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Who was responsible for livable housing at Half Moon Bay farms? County officials deflect after mass shootings reveal 'deplorable' conditions

John Woolfolk, Marisa Kendall, Jakob Rodgers, Scooty Nickerson, Bay Area News Group on

Published in News & Features

There’s no question the employees on two Half Moon Bay mushroom farms lived in desperate circumstances. Many of their homes were flimsy shacks propped up on wooden pallets. The roofs leaked. There was often no running water or kitchens.

But while county and state officials quickly decried the living conditions exposed by the terrible mass shooting that erupted at California Terra Garden farm on January 23, they have mostly deflected when asked why the situation was allowed to persist. Now, a Bay Area News Group review indicates that laws meant to ensure livable farmworker housing often went unenforced in San Mateo County, allowing farm owners to neglect their struggling workforce, including the shooter and his victims.

Neither Terra Garden nor Concord Farms — the second shooting site in a disgruntled worker’s rampage that left seven dead — had permits for their worker housing. County officials say they take action against such illegal housing mainly in response to complaints, and there is no record that workers at either farm ever sounded an alarm.

But that response overlooks the county’s own responsibility amid an obvious reality for farmworkers in Half Moon Bay and across the state: Speaking out against working conditions may cost them their homes and jobs.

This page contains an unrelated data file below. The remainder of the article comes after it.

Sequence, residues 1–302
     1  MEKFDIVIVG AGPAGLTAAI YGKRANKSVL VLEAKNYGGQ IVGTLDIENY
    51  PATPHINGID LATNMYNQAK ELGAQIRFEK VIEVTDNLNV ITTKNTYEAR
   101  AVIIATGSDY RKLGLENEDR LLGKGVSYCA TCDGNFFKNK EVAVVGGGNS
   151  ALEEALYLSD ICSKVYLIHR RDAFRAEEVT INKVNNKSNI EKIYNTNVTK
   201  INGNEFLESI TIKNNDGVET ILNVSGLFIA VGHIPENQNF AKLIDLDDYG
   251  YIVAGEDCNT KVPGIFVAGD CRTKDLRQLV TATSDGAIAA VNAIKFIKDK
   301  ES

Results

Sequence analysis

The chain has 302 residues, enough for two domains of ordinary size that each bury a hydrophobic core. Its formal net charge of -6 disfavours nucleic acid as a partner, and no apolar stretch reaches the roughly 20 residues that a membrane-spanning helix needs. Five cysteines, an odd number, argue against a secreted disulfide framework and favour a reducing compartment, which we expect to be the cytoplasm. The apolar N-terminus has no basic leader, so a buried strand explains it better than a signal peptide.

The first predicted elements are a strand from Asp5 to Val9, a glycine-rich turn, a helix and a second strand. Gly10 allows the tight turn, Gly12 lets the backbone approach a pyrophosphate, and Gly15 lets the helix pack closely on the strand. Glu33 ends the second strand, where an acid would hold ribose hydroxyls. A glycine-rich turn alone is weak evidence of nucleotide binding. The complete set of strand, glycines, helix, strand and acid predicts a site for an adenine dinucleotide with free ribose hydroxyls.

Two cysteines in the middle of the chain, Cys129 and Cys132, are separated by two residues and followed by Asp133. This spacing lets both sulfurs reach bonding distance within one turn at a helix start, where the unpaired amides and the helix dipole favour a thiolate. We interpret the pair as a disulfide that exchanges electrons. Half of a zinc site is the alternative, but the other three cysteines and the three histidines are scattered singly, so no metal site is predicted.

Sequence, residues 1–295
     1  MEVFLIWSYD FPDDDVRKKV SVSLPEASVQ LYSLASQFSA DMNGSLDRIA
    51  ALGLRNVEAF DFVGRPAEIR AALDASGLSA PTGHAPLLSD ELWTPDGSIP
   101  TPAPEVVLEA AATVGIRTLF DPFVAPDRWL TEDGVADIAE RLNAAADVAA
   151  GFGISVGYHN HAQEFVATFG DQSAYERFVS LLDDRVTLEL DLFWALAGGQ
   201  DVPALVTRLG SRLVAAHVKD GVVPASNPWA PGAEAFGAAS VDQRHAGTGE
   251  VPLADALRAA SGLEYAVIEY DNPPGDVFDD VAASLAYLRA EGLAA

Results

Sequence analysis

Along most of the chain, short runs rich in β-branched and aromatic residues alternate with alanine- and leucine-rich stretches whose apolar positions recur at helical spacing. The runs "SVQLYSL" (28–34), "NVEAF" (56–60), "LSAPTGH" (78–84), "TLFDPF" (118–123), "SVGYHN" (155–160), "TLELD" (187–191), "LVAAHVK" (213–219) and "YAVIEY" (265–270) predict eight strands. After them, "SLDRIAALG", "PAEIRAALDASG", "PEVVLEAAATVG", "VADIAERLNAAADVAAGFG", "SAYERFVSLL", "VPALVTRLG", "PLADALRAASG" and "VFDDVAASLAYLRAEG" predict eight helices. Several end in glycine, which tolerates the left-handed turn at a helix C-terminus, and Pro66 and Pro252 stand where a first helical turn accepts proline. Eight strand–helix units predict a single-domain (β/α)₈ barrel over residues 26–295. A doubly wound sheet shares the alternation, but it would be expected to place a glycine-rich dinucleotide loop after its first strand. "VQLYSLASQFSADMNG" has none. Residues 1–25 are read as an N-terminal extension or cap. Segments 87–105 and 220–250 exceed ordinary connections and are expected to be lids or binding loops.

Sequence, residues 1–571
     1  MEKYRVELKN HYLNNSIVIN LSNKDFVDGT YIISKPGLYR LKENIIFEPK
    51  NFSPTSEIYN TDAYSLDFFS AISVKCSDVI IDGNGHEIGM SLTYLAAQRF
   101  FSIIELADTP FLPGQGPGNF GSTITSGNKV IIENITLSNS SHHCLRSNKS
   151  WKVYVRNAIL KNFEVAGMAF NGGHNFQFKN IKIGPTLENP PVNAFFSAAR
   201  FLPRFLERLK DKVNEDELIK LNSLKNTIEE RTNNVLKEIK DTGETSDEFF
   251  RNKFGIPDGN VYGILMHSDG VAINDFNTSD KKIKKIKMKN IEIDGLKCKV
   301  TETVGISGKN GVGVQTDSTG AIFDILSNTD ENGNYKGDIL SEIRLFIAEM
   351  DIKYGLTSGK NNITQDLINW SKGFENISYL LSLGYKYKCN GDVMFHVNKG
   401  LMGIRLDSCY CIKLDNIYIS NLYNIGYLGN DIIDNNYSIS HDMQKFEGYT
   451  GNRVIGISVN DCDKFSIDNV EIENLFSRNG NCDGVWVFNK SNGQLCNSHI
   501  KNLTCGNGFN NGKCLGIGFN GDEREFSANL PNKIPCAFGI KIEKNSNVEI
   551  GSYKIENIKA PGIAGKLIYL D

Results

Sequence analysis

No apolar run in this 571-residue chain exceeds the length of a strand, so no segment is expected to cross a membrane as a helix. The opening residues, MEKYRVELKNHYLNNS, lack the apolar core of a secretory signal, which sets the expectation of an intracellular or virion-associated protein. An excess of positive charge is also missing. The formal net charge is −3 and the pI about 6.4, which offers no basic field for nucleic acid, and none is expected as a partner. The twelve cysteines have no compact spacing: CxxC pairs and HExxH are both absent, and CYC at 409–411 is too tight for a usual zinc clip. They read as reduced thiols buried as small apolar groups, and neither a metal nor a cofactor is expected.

“There are laws on the books, but they just aren’t enforced,” said Ann López, director of the nonprofit Center for Farmworker Families in Santa Cruz County. “I see the issue as systemic.”

State law requires farm labor housing to be a self-contained unit with a sanitary toilet, shower, lavatory facilities, heating and electricity, and a kitchen with a refrigerator, sink and stove. In most California counties, the job of monitoring farm labor housing rests with the state. But San Mateo County, under a 1975 state authorization and county resolution, is among a handful of California jurisdictions that have taken over the task of oversight.


San Mateo County’s Planning and Building Department is the agency that enforces building codes. Records show it does inspect farmworker housing periodically when the farm owner has permits, responds to complaints, and on some occasions has ordered the removal of illegal dwellings, including some past interactions with Concord Farms as recently as 2012.

But in response to questions about the living conditions at Terra Garden and Concord Farms, San Mateo County Executive Officer Mike Callagy said last week that the county didn’t have “any idea” that farmworker housing “even existed out there,” as there were no housing permits on file and no current violations or complaints.

“These are large farms,” Callagy said. “We don’t typically have a right to go onto a location in an exploratory look for housing or violations. Mostly it’s complaint driven.”

State officials, however, noted the Health and Safety Code gives any employee housing enforcement agency the right to enter private properties to determine whether there is any employee housing. And in San Mateo County, the enforcement agency clearly is the county itself.


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